A number of kids are also quick to grab hold of a microphone, he noted, singing along with the beats and making up songs.
Tammy-Jo Leonard, a friend of Neidhardt’s, said she knew the positive effect music could have after seeing how music had helped bring her own son out of his shell.
“It’s something we’ve always believed in,” Leonard said. “Once you see the look on their faces, the love of it, it’s amazing. It’s such a healthy, therapeutic outlet for them.”
Since starting at the Boys & Girls Club, Leonard said the organization has expanded its reach, doing events at both San Clemente High School and Dana Hills High School that include not only students in those schools’ special education programs, but also participants in the Best Buddies program, which provides events for adults with developmental disabilities. The group is hoping to work with the Capistrano Unified School District and other schools to expand its local reach beyond the communities of South Orange County.
Megan Theodorou’s son Alex has been attending classes at the Boys & Girls Club for the last year. She said her son has made remarkable progress with the help of the program.
“It’s been a real game changer for him,” Theodorou said. “It’s really fostered his natural abilities. As the mother of an autistic child, you’re always hoping their strengths will find a way to show through.”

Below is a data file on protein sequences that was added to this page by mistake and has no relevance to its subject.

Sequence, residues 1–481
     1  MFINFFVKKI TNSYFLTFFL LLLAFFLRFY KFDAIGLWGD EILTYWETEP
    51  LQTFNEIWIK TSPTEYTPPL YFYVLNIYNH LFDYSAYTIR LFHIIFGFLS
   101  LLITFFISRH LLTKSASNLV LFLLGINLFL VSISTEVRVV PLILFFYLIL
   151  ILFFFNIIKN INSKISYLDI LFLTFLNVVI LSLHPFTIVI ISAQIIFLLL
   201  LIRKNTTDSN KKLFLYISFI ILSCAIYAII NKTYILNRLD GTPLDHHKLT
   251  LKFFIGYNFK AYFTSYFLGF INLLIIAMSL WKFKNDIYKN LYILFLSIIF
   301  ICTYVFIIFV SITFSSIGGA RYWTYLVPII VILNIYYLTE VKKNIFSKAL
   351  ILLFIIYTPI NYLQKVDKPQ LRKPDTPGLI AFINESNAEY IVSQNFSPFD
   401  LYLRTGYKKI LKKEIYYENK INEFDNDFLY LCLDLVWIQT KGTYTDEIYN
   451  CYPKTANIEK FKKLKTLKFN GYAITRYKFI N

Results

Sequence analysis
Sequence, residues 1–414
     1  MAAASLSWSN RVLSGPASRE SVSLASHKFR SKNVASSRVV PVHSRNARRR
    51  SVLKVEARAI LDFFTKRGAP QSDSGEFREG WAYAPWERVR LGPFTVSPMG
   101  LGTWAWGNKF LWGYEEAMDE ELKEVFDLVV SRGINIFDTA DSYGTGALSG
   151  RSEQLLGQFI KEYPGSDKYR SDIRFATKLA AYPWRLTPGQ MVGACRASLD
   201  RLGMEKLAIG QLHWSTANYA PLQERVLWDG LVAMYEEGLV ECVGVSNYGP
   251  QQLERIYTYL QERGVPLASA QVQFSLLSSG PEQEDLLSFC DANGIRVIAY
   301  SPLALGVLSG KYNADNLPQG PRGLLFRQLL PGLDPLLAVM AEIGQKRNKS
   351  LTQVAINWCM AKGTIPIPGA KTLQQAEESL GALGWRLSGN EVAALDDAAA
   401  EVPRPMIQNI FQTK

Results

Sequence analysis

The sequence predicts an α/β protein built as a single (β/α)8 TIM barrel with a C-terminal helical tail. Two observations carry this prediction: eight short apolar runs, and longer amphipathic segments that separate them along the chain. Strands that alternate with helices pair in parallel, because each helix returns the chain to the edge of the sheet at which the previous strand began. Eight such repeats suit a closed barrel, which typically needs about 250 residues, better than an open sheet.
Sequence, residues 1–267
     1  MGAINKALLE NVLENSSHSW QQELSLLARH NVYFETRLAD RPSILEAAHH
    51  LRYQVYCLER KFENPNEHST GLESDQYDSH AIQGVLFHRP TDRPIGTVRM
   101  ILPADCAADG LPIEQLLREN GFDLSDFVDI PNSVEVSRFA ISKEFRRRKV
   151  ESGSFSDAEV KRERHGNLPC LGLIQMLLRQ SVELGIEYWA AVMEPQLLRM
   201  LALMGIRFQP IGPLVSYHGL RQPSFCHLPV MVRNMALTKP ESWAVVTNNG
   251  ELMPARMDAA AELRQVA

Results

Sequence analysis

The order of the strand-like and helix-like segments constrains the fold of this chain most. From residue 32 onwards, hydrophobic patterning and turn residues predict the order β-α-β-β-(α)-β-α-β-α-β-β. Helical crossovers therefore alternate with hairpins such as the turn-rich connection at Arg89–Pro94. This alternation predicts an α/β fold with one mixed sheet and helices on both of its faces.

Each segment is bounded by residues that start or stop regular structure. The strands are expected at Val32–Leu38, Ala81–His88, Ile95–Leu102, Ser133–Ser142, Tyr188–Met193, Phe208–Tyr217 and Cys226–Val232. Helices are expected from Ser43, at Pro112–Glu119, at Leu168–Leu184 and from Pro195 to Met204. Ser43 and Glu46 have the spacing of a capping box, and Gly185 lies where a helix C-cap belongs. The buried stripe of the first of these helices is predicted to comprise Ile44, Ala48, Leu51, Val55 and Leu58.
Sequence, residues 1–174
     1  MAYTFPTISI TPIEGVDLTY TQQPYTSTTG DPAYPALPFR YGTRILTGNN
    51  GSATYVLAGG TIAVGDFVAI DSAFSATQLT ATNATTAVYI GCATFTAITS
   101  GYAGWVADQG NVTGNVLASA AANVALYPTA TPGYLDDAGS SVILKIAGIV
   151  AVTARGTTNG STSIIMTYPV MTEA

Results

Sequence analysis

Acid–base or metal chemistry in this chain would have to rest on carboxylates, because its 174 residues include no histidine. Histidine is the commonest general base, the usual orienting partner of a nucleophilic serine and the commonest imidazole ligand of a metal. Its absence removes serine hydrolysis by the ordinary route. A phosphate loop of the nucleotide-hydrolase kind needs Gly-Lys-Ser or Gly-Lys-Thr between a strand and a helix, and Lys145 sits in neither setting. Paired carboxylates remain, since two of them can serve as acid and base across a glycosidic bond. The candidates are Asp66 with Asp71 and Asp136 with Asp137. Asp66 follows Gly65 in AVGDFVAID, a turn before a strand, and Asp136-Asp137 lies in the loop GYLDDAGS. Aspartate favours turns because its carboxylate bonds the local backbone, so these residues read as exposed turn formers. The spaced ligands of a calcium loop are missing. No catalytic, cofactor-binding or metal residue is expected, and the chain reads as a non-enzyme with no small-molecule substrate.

Wendy Casteel is an educator at the Boys & Girls Club. She said that due to budget cutbacks, fewer students might have the opportunity to be exposed to music regularly at school, so any opportunity to get to play and learn about music and instruments is an important one. And the children at the club are happy to have the opportunity, she said.
“They love it, it’s a really big deal here,” Casteel said. “When they (Rock the Autism) weren’t coming over Christmas break, they were pretty sad.”
Neidhardt said the group is currently focusing on raising funds for their own building, where they could provide classes for autistic and special needs children. Neidhardt said the space could be used by bands for rehearsal space, which could help pay for the building’s use, but the focus would remain on providing the opportunity for youngsters. That might include the opportunity to record songs, Neidhardt said. It was also very important, he said, to be able to provide the service free of charge, since other organizations charged high dollar amounts for similar therapies. The group would continue its classes and other efforts at the Boys & Girls Club and in other venues as well, Neidhardt said.
The group is also looking to expand beyond Orange County. Neidhardt said he’d been active on social media, especially on Facebook, which has allowed him to take the message and goals of the organization worldwide.
“Facebook has really been amazing,” Neidhardt said. “I’ve really been hitting it hard, talking to people all over the world, like India, Russia and Australia.” That interaction has also lead to serious inquiries about expanding the organization elsewhere in the United States. Neidhardt said he’d received serious inquiries about starting Rock the Autism chapters in Brooklyn, N.Y., and Sacramento. The organization received 501c3 nonprofit status in 2011.
For more information about the group, visit its website, www.rocktheautism.org